27 August 2014
'Close to Van Gogh' is the focus of the new website of the Van Gogh Museum
Today, the Van Gogh Museum is going to launch its new website. It will direct its focus on the stories about the life and work of the best-known Dutch artist. Visitors will be able to unravel various themes related to Van Gogh's work and life. The website features the permanent collection of the museum; in detail and with an option to share it with the different social media. The extensive database of the collection can be searched via a range of entries: genre, location, subject or year, for example. The main navigation is transparent and it is divided into three major topics: Visit the museum, Meet Vincent and About the museum. The website is fully responsive and suitable for all devices.
The Van Gogh Museum holds a wealth of knowledge about the life and work of Vincent van Gogh (1853-1890). It manages the largest collection of paintings, drawings and prints by Van Gogh worldwide (201 paintings, 437 drawings and 31 prints). Making the stories about Van Gogh's world accessible to the public is an important mission of the museum and part of the management of this substantial wealth. The colourful stories about Van Gogh's life and work and the museum collection are therefore the focal point of the new website of the Van Gogh Museum.
Colour and Nature
These wonderful stories are now presented interactively to enrich and inspire the many Van Gogh fans. The stories are told by means of themes that were important in Van Gogh's life and work, such as nature, friendship and colour. The story of each theme will be unravelled in different ways, enabling the visitor to scroll through them and to discover new things all the time.
For example, the story about colour, Looking for contrast. From muddy to transparent and bright colours, shows how Van Gogh's colour palette developed. A letter by the young Vincent that can be read online reveals how much value he attached to colour. The visitor to the website will encounter Charles Blanc's colour circle that Van Gogh used to discover how colours may enhance each other. You can zoom into Head of a Woman (1885) and The Potato Eaters (1885), paintings that reveal that during his Dutch period he created the same dark ash and earth colours that were used by his fellow artists in the Netherlands. The visitor to the website can scroll further down to find out how Van Gogh, while admiring a ceiling painting by Delacroix in Paris, discovered how bright colours can enhance each other. Paintings and letters reveal how and why Van Gogh started painting in a brighter, clearer and looser style in France. Van Gogh's search would finally end in a colour explosion in the South of France, illustrated by works such as Irises (1890) and The Sower (1888).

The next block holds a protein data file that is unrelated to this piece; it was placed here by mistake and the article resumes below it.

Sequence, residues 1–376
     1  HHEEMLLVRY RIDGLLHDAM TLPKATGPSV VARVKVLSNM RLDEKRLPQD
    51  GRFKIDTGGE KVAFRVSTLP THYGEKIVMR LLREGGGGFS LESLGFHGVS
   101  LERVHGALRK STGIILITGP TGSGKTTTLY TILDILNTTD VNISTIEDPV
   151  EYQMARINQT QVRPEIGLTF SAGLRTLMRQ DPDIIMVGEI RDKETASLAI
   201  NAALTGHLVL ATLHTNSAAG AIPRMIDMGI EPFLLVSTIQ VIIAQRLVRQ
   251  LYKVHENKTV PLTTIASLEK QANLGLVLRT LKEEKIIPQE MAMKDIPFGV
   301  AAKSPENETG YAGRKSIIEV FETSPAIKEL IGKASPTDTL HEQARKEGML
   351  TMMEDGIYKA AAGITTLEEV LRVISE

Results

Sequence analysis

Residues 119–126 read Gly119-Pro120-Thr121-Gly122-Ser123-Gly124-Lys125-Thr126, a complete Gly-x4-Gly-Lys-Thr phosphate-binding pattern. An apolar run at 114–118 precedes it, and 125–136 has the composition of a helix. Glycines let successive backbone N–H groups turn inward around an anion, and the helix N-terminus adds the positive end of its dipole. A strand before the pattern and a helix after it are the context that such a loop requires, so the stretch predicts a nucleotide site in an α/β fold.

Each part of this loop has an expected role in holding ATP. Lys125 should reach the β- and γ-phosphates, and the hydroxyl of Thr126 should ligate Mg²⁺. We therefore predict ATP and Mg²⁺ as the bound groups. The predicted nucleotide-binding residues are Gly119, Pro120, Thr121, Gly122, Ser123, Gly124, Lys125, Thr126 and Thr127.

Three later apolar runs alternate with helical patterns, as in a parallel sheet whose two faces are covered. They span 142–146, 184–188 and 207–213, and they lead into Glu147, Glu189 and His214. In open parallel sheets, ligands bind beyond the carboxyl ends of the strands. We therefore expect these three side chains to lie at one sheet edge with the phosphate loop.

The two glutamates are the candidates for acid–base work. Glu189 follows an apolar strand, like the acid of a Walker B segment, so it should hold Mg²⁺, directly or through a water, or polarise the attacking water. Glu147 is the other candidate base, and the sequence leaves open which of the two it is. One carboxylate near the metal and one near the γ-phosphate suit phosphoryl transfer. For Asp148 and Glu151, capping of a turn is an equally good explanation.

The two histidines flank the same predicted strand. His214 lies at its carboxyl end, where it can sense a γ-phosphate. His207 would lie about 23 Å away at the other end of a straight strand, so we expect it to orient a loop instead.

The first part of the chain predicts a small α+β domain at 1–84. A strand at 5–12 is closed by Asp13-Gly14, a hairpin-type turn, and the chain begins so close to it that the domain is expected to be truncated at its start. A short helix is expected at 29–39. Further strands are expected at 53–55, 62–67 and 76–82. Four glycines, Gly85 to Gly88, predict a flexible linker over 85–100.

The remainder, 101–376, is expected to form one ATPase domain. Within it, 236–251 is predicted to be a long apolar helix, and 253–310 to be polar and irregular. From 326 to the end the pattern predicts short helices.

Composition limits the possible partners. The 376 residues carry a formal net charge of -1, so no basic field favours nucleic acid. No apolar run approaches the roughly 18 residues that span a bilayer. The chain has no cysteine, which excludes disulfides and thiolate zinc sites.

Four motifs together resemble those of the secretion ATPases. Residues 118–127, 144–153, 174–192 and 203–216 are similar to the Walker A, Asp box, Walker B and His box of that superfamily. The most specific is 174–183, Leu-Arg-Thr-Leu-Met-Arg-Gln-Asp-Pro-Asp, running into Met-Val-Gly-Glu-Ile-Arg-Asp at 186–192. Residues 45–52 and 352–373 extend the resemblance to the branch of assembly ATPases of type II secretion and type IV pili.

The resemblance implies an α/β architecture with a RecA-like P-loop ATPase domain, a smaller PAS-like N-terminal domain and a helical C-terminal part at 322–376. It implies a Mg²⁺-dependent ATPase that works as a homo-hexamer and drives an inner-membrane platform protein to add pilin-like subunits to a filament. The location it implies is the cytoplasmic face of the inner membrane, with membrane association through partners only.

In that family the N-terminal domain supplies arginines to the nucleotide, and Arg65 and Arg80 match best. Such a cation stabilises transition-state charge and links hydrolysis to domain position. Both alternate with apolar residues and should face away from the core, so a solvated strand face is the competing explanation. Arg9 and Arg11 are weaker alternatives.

The story about nature, Artist in nature. Solace and inspiration en plein air, clarifies how Van Gogh experienced the connection between nature and his work. In a letter dated from 1874 that can be read online, Vincent recommends Theo to go frequently on long walks and to love nature, because ‘this is the true way to get to understand art better and better’. Van Gogh liked to paint en plein air even though it came with certain disadvantages: ‘… I had to pick at least a hundred flies or more from the canvases that you'll receive and then I'm not even counting the dust and sand &c. – not to mention that one or more branches will have scratched them while I carried them across the heather and through hedges...’
The stories on the new website will place Vincent van Gogh in the context of his time and dispel persistent myths. For instance, Van Gogh was no impulsive artist, but he planned and thought in advance what he wanted to achieve. He was not a solitary artist, but he was involved in the developments with respect to art, literature and politics.
Active involvement of the public
Worldwide, millions of Van Gogh fans share their passion for this best-known Dutch artist. The new website of the museum therefore focuses on making Vincent van Gogh's world accessible. This knowledge is far from being static; on the contrary, it is forever changing. Accordingly, a new theme will be published on the website every two months: Van Gogh's relationship with his brother Theo will be highlighted in September; a wonderful story about his friendships will be presented online by the end of 2014. Visitors to the website and the museum are invited to give input so as to help decide what the story line may be in 2015.
Online fan base
Visitors to the website can discover the collection by means of top-quality images: the entire museum collection can be viewed full screen, it is possible to zoom out and into the tiniest details. All works on the website can be downloaded for non-commercial use and can be shared with all the social media. The website is fully responsive, suitable for various screen dimensions, from pc to laptop, from tablet to smartphone. Fabrique is responsible for the design of the website, Q42 for the technical realization. The information on the website is in Dutch and English.
As well as an average 1.5 million annual visitors to the museum, the Van Gogh Museum is also popular with the social media: 432,429 likes op Facebook, 89.9K followers on Twitter and 3.7 million followers on Google+.
Note to editors, not for publication
For images or more information, please contact the Press Office at the Van Gogh Museum: T + 31 (0)20 570 52 92, e-mail firstname.lastname@example.org.
The Van Gogh Museum holds and manages the world's largest collection of works and letters by Vincent van Gogh and makes his life and work and the art of his time accessible to as many people as possible. Under management of the Van Gogh Museum, the De Mesdag Collection in The Hague shows works from the extensive collection of Hendrik-Willem and his wife Sientje Mesdag-van Houten.